Since taking over as governor of the Bank of England four years ago, Mark Carney laid the groundwork for an interest-rate increase multiple times. All he delivered was a single cut after last year’s referendum to leave the European Union.
Yet having prepared investors for the first U.K. rate hike in a decade on Thursday, there are warnings Carney is making the wrong move at the wrong time. In more ways than one, it’s an unusual rate increase.
With Brexit hanging over the outlook and the expansion feeble, the BOE’s not seeking to quell price pressures generated by strengthening growth. Rather, the bank is trying to slow inflation driven above its target by the weakening of the pound and the slide in the economy’s long-term trend.
The personal problem for Carney is that he has left himself little choice but to move, even given the risk that a subsequent slowdown prevents him from hiking again or even forces a reversal. Failure to walk the talk now would damage his and the bank’s credibility by cementing his reputation as an “unreliable boyfriend,” the barb thrown his way by a lawmaker in 2014.
“Having taken us down this path before and disappointed us, I don’t think the bank can afford to not deliver this time,” Peter Dixon, an economist at Commerzbank AG, said in a Bloomberg TV interview. “The hit to sterling would be quite significant.”
The pound has gained about 7 percent this year, while U.K. 10-year bond yields have increased about 10 basis points. The currency added 0.2 percent to $1.3301 on Wednesday as a report showed U.K. manufacturing strengthened in October and pointed to mounting capacity pressures in the industry.
A move from the BOE this week will be the start of a cycle that will take the benchmark rate to 2 percent from the current 0.25 percent, according to the National Institute of Economic and Social Research think tank.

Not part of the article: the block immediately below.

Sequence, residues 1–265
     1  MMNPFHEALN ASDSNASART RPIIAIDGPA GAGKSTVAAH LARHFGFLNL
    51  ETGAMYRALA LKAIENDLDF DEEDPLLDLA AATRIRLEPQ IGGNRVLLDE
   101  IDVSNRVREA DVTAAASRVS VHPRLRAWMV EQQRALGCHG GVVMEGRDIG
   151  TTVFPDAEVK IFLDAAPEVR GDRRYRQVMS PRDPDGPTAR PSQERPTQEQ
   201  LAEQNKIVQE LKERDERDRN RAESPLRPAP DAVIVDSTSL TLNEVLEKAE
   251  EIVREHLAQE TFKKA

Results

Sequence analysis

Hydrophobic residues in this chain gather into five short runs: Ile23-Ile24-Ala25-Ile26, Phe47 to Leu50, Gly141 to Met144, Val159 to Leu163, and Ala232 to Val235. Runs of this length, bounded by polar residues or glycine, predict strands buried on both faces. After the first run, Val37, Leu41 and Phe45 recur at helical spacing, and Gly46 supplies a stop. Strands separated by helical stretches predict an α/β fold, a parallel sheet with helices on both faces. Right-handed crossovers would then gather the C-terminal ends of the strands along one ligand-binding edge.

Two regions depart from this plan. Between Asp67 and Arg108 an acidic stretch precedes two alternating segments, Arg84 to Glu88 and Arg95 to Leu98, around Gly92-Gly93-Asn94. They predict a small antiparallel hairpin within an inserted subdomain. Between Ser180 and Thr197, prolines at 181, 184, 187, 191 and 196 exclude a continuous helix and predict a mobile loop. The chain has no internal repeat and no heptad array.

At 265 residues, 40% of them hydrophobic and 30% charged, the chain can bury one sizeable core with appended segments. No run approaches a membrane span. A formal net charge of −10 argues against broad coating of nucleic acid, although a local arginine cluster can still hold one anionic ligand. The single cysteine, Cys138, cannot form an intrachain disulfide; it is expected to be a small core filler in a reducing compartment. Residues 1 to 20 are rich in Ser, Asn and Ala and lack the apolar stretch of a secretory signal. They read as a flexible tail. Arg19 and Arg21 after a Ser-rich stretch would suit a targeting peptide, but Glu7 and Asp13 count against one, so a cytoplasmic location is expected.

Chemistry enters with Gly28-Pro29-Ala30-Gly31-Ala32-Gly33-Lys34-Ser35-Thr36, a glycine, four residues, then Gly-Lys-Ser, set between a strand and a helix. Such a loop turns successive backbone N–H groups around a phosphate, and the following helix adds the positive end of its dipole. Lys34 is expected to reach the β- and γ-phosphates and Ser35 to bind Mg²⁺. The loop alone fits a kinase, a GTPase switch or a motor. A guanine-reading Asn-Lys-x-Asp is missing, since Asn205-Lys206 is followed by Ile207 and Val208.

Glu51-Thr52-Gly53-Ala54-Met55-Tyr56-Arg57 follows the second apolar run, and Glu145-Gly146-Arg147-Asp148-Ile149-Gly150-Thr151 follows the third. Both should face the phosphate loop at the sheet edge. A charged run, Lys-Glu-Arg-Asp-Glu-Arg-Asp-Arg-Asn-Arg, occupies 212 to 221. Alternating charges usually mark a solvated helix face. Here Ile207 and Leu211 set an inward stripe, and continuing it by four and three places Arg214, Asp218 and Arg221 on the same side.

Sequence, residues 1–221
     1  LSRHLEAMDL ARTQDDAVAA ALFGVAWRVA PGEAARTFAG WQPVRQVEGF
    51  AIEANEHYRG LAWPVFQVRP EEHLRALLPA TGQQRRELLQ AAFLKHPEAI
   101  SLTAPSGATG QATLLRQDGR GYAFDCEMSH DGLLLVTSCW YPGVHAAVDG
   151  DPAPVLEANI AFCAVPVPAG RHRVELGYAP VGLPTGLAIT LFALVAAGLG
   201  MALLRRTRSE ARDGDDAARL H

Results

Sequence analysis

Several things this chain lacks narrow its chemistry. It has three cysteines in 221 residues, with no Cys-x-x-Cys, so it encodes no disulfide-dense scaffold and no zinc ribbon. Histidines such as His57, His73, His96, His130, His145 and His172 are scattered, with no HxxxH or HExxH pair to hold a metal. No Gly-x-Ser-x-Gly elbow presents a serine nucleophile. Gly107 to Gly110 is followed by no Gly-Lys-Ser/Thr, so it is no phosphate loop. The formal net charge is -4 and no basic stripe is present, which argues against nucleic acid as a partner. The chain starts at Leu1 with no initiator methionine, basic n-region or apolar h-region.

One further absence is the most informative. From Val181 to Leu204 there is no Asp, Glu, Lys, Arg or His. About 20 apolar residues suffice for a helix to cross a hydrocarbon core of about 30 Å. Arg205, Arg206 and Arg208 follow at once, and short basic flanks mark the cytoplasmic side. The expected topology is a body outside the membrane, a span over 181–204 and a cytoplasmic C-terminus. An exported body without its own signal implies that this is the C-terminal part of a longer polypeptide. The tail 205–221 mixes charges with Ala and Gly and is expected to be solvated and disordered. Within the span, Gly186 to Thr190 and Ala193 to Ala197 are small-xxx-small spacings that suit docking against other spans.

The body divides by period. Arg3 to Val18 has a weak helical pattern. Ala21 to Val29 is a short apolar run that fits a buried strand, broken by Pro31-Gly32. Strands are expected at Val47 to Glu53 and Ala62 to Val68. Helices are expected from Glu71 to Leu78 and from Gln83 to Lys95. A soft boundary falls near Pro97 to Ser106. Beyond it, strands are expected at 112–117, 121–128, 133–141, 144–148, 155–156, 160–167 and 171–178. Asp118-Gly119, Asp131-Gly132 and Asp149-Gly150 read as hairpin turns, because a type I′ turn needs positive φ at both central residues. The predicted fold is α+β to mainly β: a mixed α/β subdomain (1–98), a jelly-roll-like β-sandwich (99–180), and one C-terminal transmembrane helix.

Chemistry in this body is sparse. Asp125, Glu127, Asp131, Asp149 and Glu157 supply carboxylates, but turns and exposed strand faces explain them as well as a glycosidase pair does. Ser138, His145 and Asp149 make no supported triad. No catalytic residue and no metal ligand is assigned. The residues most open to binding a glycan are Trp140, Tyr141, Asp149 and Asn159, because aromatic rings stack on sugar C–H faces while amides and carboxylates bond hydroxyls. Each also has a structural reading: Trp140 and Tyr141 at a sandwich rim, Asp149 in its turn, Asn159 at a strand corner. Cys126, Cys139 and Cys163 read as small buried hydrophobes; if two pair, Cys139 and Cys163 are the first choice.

Still, given Carney’s history of stepping back from the brink, concerns that he may do so again are hard to shift. On arriving at the BOE in 2013, the Canadian said rate hikes would be considered when unemployment fell below 7 percent, but dropped that guidance when joblessness slid faster than expected. The rate is now 4.3 percent.
In mid-2014, Carney lifted expectations of tightening coming sooner than investors were expecting only to dash them within weeks. In 2015, his assertion that the decision on when to increase the benchmark would come into “sharper relief” at the turn of the year came to nothing.
Any prospect of tighter policy after that was derailed by 2016’s Brexit vote, with officials instead cutting the rate to a record-low 0.25 percent. Early this year he justified not raising rates even as inflation accelerated by saying there is more slack in the economy than previously thought.
Along the way, he’s given fodder to his detractors in Parliament and among Brexit supporters who see him as overly gloomy on the U.K.’s prospects after it leaves the European Union.
With inflation now running at 3 percent, a full percentage point above target, the narrow case for tightening to rein in consumer prices is clear. The lowest unemployment in four decades and 19 consecutive quarters of economic growth are signs of strength, but they only tell part of the story.
The inflation pickup is driven by the slump in the pound that followed the Brexit vote, an impact that the BOE admits will be temporary. Another factor is that the economy’s potential growth — its ability to expand without overheating — is lower than it used to be.
Those complications are fueling fears that the BOE may be headed for a mistake.
“I don’t think there’s a very urgent need for a BOE rate rise,” said senior economist Liz Martins at HSBC Holdings Plc. “But there is a credibility issue at stake.”
The BOE decision will be announced at 12 p.m. in London on Thursday alongside new economic forecasts, and Carney will take questions at a press conference half an hour later. Whether he acts now or not, it’s a moment that may define his term. Money market traders are pricing in about a 90 percent chance of a move — far higher than in the week of any meeting in his tenure.
“They may do something just because they’ve essentially said they would,” said John Stopford, head of multi-asset income at Investec. “But it’s hard to see why this should be the beginning of a rate cycle at this point. There’s too much weighing on the U.K. economy without adding interest rates into the mix.”